Feeling Good About Doing Good: Making Your Donations Count

November 27 isn’t just the first Tuesday after Thanksgiving. It’s Giving Tuesday–and every year Americans get more charitable. According to The NonProfit Times, Giving Tuesday contributions in 2017 were at a record $274 million, up over 50% from 2016. Facebook contributions alone brought in $45 million. And this year the trend is expected to continue.

We give so that we can make an impact — we want to cure diseases, help those in need and assure a better quality of life. We want to defend human and civil rights. We want to make the world a better place.

But all too often, our desire to do good eclipses our need to be informed about what we’re doing. This continues to frustrate me. Consider this: Last year the Tampa Bay Times reported that America’s 50 worst charities took in over $1billion over the course of a decade to pay for-profit professional fundraisers. In one case alone, a charity meant to ease the lives of terminally ill children, only 3 cents of every dollar raised went to help kids in need. And the charity’s founder and his own consulting firms reaped $4.8 million in salary.

So how can we be sure our donations will have the impact we want them to have?

Working with numerous nonprofits I’ve had the chance to speak to many different kinds of donors. And it never fails to surprise me that even the brightest people continue to give based on a knee-jerk response, without researching the organizations. I’d encourage you to ask the following questions before you hit that “donate” button.

Do you truly understand what this charity DOES? Most charities will have some sort of a mission statement on the homepage of their site which explains succinctly what they do, how they do it and what population they serve. Are they funding research for cures? Are they involved in advocacy? Do they help underserved populations? You should be able to get a full understanding of how your dollars will help with very little effort.

What specifically have they been able to achieve? Charity websites, especially sites for well-established organizations, should be able to demonstrate proof of donor impact. How many people have they helped? What legislation has been changed? What new treatments or cures have been funded? If it isn’t obvious, you may have to do some additional homework to determine your cause’s worthiness.

Is it easy to navigate and obtain information from the charity’s website? Does the charity’s site really give you a good feeling for who the organization is, how it raises its money, and how it spends it? If this information isn’t there or you need to work too hard to find these things out.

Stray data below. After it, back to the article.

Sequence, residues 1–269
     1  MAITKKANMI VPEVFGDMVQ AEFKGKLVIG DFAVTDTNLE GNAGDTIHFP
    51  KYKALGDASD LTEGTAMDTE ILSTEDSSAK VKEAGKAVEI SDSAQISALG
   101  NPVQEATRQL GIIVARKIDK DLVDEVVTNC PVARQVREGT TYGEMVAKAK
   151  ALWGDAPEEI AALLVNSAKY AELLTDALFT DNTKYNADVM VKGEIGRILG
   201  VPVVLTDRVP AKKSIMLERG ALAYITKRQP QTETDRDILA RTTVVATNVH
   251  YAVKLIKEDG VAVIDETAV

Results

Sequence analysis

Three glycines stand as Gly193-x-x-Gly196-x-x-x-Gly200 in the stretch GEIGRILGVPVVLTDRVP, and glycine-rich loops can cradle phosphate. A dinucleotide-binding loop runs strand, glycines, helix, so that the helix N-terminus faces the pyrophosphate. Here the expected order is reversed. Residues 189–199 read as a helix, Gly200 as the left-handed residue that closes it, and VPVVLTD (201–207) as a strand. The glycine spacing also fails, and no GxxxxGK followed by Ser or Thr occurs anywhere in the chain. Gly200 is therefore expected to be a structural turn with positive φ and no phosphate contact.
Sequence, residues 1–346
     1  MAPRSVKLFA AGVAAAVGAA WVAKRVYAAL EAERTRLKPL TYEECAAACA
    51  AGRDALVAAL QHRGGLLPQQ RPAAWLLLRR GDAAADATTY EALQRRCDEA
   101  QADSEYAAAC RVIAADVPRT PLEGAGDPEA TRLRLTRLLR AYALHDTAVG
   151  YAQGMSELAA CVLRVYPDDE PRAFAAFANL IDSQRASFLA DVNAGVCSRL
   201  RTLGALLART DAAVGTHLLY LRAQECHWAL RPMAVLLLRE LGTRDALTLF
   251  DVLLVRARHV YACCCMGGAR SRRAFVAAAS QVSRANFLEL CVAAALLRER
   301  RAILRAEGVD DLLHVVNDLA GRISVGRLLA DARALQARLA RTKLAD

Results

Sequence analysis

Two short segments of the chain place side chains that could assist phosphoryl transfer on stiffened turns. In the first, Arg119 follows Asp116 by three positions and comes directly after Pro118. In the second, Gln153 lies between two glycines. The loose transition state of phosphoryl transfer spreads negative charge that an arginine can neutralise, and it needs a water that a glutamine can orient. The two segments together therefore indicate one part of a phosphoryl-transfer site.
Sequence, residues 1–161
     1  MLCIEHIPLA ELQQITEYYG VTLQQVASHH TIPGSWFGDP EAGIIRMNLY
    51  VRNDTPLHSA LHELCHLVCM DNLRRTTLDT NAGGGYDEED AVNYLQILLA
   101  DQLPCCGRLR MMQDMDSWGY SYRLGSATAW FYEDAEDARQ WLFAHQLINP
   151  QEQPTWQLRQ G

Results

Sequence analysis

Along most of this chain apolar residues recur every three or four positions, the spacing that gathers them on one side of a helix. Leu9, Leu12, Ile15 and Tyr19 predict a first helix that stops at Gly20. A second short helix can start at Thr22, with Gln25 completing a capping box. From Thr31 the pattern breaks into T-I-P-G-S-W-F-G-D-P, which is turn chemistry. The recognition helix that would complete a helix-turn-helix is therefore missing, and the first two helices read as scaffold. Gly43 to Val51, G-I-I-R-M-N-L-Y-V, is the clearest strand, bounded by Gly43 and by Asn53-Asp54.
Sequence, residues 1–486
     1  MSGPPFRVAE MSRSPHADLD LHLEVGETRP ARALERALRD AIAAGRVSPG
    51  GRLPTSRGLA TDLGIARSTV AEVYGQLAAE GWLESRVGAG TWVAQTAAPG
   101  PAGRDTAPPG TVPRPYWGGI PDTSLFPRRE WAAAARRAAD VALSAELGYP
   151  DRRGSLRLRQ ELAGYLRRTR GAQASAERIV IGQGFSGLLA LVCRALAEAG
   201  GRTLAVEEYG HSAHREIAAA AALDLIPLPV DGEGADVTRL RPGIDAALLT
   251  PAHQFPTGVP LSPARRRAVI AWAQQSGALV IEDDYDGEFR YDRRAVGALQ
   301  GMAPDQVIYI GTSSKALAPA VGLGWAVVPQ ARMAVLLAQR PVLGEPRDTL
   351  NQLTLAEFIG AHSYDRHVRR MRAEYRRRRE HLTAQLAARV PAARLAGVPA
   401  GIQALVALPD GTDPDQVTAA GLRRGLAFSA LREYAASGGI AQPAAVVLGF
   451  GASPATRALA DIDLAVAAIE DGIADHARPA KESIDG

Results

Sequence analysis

Does the charity make financial data available? Financial data can tell you a lot. Specifically, you should look for the following:
• How much money goes to the mission vs. overhead like salaries, fundraising, etc.? We’ve normally found that donors can understand why 10 or 15 percent of the money raised will need to pay for salaries or infrastructure. But when overhead expenses get to the 20% level or higher, very often that indicates inefficiencies or bad judgement on managements’ part. Sources like Charity Navigator (charitynavigator.org) and GuideStar (guidestar.org) provide a clear view of revenue and expenses and can help you make an informed decision.

• What are the major sources of contributions, and who are the contributors? How much money is coming from corporate sources and do they have a political bias or an interest that may not be aligned with yours? This is especially important if they are large contributors and have potential influence on the charity’s policies.

Will the charity be sharing your data? Most charities offer donor privacy policies because they understand that donors don’t want their names shared. Before you give, make sure that your name is withheld from being shared with other sources.

Will the charity allow you to determine how your dollars are spent? Many healthcare-related charities in particular allow for what is known as “directed giving” — allowing donors to direct dollars to a specific aspect of the mission. Do you wish to provide patient support? Find cures? Advance legislation on Capitol Hill? Focusing your giving dollars can help you maximize your sense of impact.

Does the charity compare well to others with the same mission? Charity Navigator ratings can help you find out performance norms for your category. If your charity has direct competitors, evaluate them as well.

Has the charity recently undergone any negative press? Charities aren’t immune from scandal, deserved or undeserved. Check social media and press coverage to see what people are saying and how issues have been handled. Again, look at Charity Navigator. Feel comfortable with the organization’s leadership before you give your hard-earned money.

Do your homework and give generously. It’s the best way to have a truly joyful giving season.

Andy Semons, Strategic Planning Partner, has worked with many nonprofits over his career and during the past seven years at IPNY, a NY-based brand communications agency with a large base of nonprofit clients.